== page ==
Ms. WALLSTROM: Well, maybe we should start by noticing progress that actually today the United Nations has brought together 13 agencies. They work as one to fight this problem, address this problem. The security council has put it on top of their agenda. They have decided that this is all about peace, women and security. It's a security issue. And it can be either commanded, condoned or condemned in war and on groups and armies. And that is very important to realize.
So they've decided that this is something that we have to address at the international level. And I'm happy to report to the security council and work for the secretary general on this issue. We have to fight impunity because this is part of the problem.
We have to make sure that the political leaders take responsibility for this issue. We have to understand that this is a tactic or a consequence of war and conflict. And that it can be addressed. And we also have to bring together, to coordinate better all our efforts and we have to do more on prevention to understand also why how do their perpetrators think.
MARTIN: I have a delicate question to ask you. According to the information from the U.N. Stop Rape Now campaign, more than 40,000 women were raped during the Bosnia and Herzegovina war, but more than 10 times as many, up to half a million women were raped during the Rwanda genocides, some thousands during in Sierra Leone, many more thousands in Darfur. And I wonder if part of the problem in mobilizing attention for this issue is that it's perceived to be an African problem and it doesn't have anything to do with the rest of the world.
Ms. WALLSTROM: Yeah. It's important to realize that it is not an African problem. It is not cultural, it's criminal. And that's where we start. And that is also why I will focus not only on African countries, but also look at other parts of the world and other countries where this is a scourge of war and conflict.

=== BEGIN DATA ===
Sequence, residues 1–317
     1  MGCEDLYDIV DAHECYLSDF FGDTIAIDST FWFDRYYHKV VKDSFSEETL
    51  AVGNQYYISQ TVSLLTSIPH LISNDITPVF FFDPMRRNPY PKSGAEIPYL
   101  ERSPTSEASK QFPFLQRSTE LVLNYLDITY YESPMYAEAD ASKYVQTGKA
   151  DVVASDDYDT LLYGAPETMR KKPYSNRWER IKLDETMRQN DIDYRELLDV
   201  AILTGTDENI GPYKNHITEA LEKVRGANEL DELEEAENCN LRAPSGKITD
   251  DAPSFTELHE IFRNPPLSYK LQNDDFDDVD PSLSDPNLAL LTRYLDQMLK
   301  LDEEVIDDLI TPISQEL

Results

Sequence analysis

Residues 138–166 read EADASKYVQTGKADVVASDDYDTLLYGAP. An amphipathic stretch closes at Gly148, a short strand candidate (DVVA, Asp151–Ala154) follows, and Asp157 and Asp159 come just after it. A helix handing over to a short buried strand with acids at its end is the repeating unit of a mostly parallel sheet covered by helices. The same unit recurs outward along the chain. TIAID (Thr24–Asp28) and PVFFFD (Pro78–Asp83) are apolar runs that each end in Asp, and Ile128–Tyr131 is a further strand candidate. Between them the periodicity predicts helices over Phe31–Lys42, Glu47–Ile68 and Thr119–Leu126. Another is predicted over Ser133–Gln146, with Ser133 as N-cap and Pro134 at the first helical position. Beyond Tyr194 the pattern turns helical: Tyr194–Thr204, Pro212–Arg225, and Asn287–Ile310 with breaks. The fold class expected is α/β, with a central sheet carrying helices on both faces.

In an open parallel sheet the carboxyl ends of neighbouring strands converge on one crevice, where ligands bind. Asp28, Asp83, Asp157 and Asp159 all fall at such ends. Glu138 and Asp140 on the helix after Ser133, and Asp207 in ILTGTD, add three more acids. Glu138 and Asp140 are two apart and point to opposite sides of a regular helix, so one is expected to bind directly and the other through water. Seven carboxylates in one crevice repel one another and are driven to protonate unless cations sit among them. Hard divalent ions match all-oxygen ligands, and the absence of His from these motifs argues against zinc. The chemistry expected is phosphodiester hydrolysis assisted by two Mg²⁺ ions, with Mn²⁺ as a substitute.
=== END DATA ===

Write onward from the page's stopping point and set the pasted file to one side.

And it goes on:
MARTIN: I heard you say where you feel that the top governmental leadership around the world is addressing this issue, particularly through the United Nations. But is there any sign that a change of attitude is taking place on the ground where these women are being brutalized even as we speak?
Ms. WALLSTROM: Well, I think, unfortunately, what we have to address is the fact that there is this wide gap in between what you can say a good legislation, a robust legislation in many countries, but the capacity on the ground to actually change things and the implementation of these great laws that have been introduced. So this is what we have to look at. Why is it that the political leadership, they adopt these great laws, but then nothing happens on the ground to change the situation for women.
MARTIN: And, finally, many of our listeners will say, this is horrible, what can I do? What can someone listening to us now do?
Ms. WALLSTROM: Well, they can actually look at the website of U.N. Action and Stop Rape Now campaign. They can raise it, they can discuss it and debate it in different forums. They can raise it with political leaders. They can ask them what they do. And I think that actually peer pressure as well among men. So we want to mobilize men as well. This is not a women's issue, it's a human rights issue.
MARTIN: Margot Wallstrom is the United Nations' special representative on sexual violence in conflict. She's the first person to hold this position. And she was kind enough to stop by our Washington, D.C. studio during her day of meetings here. And we thank you so much for speaking with us.
Ms. WALLSTROM: Thank you.
NPR transcripts are created on a rush deadline by a contractor for NPR, and accuracy and availability may vary. This text may not be in its final form and may be updated or revised in the future. Please be aware that the authoritative record of NPR’s programming is the audio.